Artist Damien Hirst rose to fame by displaying a shark in resin and cutting a cow in half. The groundbreaking touring exhibition Sea Creatures kind of combines the two, displaying a Great White shark cut in half, along with other animals that live beneath the ocean, such as whales, seals and penguins up close and personal. Indeed, is it the same painstaking preserving process that Hirst employed, which allows us to view incredibly accurate ‘cross-sections’ of the sea creatures. The educational exhibition features interactive immersive experiences for children, a playful game to teach about the perils of plastic in our oceans, and a special augmented reality app, which provides fascinating facts, figures and videos to your phone. The centrepiece of the exhibition is Hai Hai the Mink Whale, a double record breaker (first ocean mammal to be preserved, including internal organs) whose preservation process took 50,382 man hours and whose 6.2 m body will be on display for the first time ever in the UK.
 
Sea Creatures will be in London’s RHS Lawrence Hall, Greycoat Street, SW1P 2QD from 20 July 30 August.
 

Brompton Cemetery


One of London’s oldest cemeteries (and part of the “magnificent seven”) is reopening its doors again, after a major £6.2m restoration. The National Lottery-funded project, managed by The Royal Parks charity, restored crucial monuments and architecture, breathing new life into the space with a new visitor centre and cafe, and the introduction of a community events programme. You can visit the catacombs or go on a ‘horticulture tour’ and find out more about the rich diversity of wildlife living in the cemetery, which includes more than 60 tree species, 200 moth species and many types of bats, invertebrates, moths and birds. Children can visit the newly-renovated Grade II-listed chapel, listen to the amazing story of Chief Long Wolf who was buried at the cemetery in 1892 or see the monuments to notable historical figures such as Emmeline Pankhurst, leader of the suffragette movement; Sir Henry Cole, founder of the V&A museum, and Dr John Snow, who discovered the link between cholera and contaminated water.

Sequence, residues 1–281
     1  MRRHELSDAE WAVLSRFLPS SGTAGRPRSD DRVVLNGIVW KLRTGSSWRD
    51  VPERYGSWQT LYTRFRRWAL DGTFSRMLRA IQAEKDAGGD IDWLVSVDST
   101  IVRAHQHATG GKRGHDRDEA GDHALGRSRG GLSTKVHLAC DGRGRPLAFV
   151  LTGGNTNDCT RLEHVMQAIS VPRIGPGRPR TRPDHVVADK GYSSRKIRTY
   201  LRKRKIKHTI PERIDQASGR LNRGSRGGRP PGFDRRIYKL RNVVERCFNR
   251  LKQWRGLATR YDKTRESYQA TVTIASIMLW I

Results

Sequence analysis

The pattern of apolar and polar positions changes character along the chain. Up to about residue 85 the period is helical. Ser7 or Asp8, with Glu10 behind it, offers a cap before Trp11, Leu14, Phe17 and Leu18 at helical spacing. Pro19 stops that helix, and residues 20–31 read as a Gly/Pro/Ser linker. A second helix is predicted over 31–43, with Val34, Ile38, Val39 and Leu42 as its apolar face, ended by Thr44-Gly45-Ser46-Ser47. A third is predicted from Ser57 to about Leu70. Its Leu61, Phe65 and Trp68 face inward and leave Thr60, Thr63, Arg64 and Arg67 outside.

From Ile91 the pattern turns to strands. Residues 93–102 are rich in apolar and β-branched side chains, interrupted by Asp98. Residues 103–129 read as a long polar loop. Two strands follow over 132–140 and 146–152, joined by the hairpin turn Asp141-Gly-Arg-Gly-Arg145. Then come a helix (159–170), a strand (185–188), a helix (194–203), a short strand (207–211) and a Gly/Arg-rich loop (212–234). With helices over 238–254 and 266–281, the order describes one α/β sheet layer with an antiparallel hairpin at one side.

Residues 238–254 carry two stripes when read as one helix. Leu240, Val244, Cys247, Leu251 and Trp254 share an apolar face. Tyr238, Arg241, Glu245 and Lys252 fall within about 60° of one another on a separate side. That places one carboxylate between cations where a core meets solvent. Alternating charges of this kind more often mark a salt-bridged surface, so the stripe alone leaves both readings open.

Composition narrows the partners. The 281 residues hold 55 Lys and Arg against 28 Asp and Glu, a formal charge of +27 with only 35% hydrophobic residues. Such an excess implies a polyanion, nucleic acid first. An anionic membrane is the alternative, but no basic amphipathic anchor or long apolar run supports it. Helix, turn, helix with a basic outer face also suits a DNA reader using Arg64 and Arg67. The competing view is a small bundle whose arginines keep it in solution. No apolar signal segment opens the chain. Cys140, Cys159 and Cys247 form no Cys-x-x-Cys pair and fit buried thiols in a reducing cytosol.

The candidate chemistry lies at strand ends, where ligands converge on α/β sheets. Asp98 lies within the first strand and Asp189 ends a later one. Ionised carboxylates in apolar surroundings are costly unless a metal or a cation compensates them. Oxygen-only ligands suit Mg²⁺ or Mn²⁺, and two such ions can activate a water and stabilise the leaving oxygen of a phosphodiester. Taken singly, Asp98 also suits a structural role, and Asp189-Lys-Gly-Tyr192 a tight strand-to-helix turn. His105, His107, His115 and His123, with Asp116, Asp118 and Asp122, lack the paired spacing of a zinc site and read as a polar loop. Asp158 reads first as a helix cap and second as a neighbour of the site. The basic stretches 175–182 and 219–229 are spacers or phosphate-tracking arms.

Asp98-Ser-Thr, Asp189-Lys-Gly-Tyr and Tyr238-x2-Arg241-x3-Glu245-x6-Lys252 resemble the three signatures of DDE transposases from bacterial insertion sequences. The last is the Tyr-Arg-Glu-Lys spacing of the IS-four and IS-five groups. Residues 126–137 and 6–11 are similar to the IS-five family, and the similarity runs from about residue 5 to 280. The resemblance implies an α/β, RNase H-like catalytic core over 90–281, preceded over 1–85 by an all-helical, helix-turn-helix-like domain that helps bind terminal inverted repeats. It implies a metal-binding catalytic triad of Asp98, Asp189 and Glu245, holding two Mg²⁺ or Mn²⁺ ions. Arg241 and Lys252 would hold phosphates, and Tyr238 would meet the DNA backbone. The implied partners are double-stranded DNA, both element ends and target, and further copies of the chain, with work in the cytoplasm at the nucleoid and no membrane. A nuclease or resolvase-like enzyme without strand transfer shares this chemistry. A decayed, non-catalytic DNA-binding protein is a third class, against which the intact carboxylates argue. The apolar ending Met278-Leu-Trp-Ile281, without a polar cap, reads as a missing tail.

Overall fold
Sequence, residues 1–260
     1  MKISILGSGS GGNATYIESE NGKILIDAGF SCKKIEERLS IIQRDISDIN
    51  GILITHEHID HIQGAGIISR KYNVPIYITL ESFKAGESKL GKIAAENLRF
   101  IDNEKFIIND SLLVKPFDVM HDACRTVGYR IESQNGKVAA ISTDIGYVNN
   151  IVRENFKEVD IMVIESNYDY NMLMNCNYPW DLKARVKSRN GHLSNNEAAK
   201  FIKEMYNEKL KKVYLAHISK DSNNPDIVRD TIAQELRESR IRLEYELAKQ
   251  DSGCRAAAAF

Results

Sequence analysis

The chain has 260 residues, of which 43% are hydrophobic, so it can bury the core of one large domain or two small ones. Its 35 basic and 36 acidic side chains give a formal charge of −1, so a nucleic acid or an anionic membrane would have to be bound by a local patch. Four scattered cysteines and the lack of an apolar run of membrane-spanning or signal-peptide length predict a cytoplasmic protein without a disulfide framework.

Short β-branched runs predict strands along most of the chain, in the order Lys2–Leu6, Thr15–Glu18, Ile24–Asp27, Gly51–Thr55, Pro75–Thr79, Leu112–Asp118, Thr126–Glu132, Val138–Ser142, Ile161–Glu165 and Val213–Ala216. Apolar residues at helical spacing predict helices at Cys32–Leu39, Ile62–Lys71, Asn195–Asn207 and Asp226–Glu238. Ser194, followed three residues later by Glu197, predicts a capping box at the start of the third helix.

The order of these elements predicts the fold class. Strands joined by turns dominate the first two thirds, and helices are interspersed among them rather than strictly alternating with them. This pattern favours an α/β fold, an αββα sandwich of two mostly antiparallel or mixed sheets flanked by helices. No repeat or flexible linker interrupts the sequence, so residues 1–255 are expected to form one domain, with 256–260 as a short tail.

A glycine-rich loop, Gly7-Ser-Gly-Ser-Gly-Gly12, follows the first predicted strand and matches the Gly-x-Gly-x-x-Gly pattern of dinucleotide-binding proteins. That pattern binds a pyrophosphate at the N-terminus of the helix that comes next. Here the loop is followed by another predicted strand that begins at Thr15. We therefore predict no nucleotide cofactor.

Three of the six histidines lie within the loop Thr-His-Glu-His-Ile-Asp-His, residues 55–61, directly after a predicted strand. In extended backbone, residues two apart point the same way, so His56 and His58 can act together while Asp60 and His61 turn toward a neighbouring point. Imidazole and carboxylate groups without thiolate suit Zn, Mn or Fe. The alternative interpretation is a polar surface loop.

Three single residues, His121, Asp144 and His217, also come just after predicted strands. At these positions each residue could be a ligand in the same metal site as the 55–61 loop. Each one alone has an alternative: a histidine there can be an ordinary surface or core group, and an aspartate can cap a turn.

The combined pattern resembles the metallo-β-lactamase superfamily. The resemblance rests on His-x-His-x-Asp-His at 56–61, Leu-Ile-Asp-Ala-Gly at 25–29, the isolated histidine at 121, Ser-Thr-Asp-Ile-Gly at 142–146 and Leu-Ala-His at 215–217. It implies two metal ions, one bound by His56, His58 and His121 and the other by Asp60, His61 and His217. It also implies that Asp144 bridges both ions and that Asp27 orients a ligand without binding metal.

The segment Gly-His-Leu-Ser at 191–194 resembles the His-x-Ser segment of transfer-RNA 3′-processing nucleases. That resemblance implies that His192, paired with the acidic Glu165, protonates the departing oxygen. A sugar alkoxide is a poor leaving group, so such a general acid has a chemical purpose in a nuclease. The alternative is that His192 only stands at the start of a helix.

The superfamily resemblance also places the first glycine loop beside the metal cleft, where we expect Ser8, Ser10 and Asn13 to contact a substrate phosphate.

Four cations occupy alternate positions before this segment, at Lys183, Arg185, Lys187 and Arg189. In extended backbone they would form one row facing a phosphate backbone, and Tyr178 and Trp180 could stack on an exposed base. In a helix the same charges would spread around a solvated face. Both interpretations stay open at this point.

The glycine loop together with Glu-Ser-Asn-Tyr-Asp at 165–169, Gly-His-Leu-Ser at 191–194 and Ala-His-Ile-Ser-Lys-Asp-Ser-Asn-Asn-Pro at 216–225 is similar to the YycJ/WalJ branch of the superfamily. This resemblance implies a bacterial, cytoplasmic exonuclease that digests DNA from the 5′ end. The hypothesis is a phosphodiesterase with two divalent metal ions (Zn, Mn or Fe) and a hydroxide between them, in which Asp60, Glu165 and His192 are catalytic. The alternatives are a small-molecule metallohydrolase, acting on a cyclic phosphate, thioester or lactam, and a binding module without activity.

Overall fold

Brompton Cemetery reopens with a community event on 22 July.
 
People Powered Poetry


Poetry reading is on the rise. A recent study revealed that more young adults read poetry than ever before in the last 15 years, suggesting that this new found interest could be related to social media and online activism. People Powered Poetry, an improvised poetry event hosted by giffgaff, taps right into that with an Artificial Intelligence ‘poetry bot’, that picks lines from twitter and turns them into 14 line sonnets, reflecting exactly what kind of topics the UK population is discussing right now. Competing with the robot will be a line up of human poets who will give live improvised performances. Guests will have the chance to influence the evening using social media to tag topics they want to see transformed by the artists. A truly sci-fi event. Who said poetry was old fashioned?
 
People Powered Poetry will be at moth Club in Hackney on 25 & 26 July. Doors open from 6.30 pm. The event is free but book tickets here.